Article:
Moo!

The cow is an amazing animal. For some (Indian Hindus) it symbolises God. For some, it is a tool for agriculture, for ploughing the fields and for fertilising the soil. For some, it is a means of transport. For others, it is a source of nourishment – providing beef, milk, cheese, butter and leather. I think most people would see a cow as wealth.

As a Fulani girl, I certainly have much love for the cow. As you may have read from my earlier blogs, my infancy/toddlerhood was spent on my granddad’s farm (Benue Valley Farm, Fufore). Although the horses are up there with all the great things in life, I always had a special soft spot for the nursing cows and their calves. The bulls to be honest just scared the hell out of me so I always stayed well away from them but not so the calves. We Nigerians believe that when bulls see red, they charge (I am not sure if this is a wider belief) – because of that whenever I forgot to check my clothes before heading to the farm, I would sit in the car in fear of being gored to death. So the bulls get a bit less love from me although I do admire their huge humps from a safe distance.

I remember the joy when we got to the farm after some time away to find a fresh crop of calves all soft and wobbly on their legs, sticking as close to their mums as they physically can. It was fascinating watching them breastfeed and I remember feeling sorry for the poor mums as the calves violently suckled on their udders. If we went early enough, we would catch the milking and the milkers (they were men!) would squirt warm milk straight into our mouths as we danced around in joy. I loved watching as over the days the calves grew in confidence and started to stray away from their mums in little groups. And it was one of those magic moments to see them run for the first time, venturing out into the big bad world without their mum by their side. I must confess I am not sure if calves run but I don’t think they gallop or do they?

There was one particular cow in the herd that was people-friendly and liked to be petted. Now most fully-grown cows are quite aloof and stately so being petted is not something you would do. The calves are usually quite skittish too so cow-love must normally be from a distance. Not this heifer. The herdsmen would call to her using a strange sound that was neither word nor whistling but a cross between. We would scan the herd excitedly, hundreds of cows milling about soon after coming back from grazing into the pen. Then eventually a dark brown cow would emerge from the group and head straight for us. She would poke her head down and through the wooden slats of the fence to the little people waiting expectantly and we would stroke her warm hide and feel the way her skin vibrated and rippled. That is what stays with me; the warm leathery feel and her large eyes looking at us as if with fondness. She was so patient too. She stayed for as long as our attention was fixed on her and we would stay with her for as long as our mama or granddad would let us.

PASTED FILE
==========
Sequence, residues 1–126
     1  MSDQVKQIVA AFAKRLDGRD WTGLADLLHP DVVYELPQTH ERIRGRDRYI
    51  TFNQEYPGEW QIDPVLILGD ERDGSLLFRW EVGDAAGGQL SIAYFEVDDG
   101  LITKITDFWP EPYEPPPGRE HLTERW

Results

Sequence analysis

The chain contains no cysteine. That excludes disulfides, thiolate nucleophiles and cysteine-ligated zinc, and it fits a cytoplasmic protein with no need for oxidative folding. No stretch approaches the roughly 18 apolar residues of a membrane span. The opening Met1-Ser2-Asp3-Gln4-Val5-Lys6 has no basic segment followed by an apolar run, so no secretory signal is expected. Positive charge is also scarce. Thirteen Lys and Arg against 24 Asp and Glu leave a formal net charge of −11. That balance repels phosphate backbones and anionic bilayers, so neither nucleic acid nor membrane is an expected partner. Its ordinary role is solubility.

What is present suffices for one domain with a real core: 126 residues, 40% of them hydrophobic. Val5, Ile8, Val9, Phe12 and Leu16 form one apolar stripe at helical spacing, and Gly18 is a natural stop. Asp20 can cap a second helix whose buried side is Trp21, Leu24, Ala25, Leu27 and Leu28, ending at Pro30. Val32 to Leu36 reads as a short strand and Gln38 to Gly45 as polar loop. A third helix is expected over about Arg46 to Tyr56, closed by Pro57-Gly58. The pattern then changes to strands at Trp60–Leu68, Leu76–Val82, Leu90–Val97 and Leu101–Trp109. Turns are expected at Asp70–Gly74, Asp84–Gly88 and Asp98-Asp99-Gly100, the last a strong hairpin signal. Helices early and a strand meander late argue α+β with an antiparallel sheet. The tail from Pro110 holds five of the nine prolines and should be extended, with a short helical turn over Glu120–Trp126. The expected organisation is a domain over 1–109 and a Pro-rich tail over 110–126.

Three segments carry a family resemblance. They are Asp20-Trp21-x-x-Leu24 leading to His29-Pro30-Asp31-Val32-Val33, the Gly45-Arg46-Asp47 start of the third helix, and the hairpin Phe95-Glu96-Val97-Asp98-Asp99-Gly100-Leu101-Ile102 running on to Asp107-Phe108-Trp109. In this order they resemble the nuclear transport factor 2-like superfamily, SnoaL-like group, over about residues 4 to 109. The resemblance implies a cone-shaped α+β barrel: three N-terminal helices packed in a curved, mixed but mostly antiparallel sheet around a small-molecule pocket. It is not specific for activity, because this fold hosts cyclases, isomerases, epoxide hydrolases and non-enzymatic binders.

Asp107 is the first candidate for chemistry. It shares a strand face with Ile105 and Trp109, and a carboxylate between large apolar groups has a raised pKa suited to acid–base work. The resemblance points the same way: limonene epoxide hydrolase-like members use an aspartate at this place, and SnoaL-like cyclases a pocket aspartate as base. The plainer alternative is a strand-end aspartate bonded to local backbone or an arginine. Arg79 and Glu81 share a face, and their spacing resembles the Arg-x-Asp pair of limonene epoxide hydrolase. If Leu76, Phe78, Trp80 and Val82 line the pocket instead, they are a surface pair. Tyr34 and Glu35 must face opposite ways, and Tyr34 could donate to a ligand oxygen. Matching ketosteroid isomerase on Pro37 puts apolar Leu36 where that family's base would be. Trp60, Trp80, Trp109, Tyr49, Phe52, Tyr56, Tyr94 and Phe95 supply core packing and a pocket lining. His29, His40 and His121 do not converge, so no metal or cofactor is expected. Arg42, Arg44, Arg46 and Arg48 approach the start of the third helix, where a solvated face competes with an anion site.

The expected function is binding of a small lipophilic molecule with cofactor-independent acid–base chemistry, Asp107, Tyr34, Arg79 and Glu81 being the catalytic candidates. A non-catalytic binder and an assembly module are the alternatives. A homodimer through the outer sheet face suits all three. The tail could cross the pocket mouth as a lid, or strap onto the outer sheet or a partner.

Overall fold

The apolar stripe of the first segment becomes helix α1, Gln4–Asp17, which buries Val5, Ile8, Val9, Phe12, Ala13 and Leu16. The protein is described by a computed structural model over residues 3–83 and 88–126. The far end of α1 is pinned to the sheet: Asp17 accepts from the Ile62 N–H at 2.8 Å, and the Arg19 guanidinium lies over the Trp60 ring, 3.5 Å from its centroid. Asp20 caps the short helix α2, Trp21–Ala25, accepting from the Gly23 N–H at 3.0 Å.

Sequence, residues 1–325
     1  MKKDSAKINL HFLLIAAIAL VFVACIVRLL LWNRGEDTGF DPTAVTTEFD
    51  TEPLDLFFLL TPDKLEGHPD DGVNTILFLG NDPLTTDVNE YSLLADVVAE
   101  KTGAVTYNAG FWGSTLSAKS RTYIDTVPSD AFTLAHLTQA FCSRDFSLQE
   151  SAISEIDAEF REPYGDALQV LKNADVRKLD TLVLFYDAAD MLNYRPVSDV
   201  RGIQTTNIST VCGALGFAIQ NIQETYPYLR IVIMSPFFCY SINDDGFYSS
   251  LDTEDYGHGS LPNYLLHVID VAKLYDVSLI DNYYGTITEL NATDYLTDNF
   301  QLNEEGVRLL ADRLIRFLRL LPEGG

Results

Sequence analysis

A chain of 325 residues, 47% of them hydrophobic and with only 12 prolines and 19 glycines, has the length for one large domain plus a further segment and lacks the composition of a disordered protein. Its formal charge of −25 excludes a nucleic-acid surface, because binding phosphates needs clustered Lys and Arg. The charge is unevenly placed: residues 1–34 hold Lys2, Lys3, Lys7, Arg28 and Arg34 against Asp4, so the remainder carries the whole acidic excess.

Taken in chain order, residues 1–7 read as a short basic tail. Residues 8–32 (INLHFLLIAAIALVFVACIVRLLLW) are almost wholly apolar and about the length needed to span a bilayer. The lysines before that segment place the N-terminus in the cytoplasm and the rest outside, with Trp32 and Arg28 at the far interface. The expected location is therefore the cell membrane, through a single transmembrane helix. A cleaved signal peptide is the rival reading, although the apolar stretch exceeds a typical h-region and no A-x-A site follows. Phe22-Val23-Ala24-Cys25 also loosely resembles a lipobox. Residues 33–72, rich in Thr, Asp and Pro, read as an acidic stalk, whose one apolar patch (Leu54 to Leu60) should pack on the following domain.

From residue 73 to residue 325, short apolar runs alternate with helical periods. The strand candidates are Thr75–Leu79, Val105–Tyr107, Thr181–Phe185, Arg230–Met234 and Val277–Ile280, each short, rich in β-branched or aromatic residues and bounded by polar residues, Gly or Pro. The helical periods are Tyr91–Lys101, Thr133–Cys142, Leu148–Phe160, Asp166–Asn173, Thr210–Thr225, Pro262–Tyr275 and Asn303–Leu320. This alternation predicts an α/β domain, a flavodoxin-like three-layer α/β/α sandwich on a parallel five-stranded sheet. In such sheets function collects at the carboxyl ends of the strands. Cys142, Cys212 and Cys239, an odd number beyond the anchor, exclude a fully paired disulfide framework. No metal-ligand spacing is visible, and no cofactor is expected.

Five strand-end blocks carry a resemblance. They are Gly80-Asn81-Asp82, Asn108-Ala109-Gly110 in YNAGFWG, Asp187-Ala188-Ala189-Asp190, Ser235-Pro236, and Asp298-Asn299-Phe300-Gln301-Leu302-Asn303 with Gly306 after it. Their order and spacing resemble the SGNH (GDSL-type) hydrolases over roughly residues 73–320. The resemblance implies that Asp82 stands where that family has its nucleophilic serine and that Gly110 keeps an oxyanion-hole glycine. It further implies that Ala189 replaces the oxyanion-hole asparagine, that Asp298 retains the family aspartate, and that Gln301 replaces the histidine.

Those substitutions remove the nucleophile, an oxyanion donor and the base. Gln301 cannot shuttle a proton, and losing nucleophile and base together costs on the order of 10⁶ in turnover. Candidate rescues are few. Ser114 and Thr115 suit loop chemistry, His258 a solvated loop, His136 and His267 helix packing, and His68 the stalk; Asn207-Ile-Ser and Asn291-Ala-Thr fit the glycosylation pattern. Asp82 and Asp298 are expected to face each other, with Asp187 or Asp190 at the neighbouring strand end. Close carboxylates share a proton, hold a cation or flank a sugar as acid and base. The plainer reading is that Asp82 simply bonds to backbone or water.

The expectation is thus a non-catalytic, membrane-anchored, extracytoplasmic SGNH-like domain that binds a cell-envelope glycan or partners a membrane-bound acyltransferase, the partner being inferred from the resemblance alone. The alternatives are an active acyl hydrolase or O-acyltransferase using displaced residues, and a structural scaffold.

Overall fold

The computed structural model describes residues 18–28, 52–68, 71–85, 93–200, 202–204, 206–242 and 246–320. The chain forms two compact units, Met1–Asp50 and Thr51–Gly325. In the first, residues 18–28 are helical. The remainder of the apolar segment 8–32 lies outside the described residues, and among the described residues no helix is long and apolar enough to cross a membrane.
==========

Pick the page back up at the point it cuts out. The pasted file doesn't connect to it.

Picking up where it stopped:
My other main interaction with cows came around slaughter times. My mum, being from a farm and daughter of a Fulani man, preferred to slaughter a cow when we needed meat and then freeze carefully packaged parcels of meat to use daily over time until we went through it all. Just before we ran out of beef, we would get delivery of a bull and he would be tethered to the tree in the back garden and fed some grass. I am not sure why he was kept for days before he was slaughtered but I would hang about the back door, half afraid and half wanting to make friends. I would take a pace back when he mooed and stared at me. Eventually, I would make my way to within a metre of him and talk to him. I would bring fresh water and grass and watch him eat and drink. I would inevitably ask my mama if I could name him but I was forbidden to do so. My mama explained that if I named him, I would start seeing him as a pet and then it would be haram (i.e. forbidden Islamically) for me to eat his meat. So I would refrain from naming him but nevertheless, I would be his friend for the rest  of his life.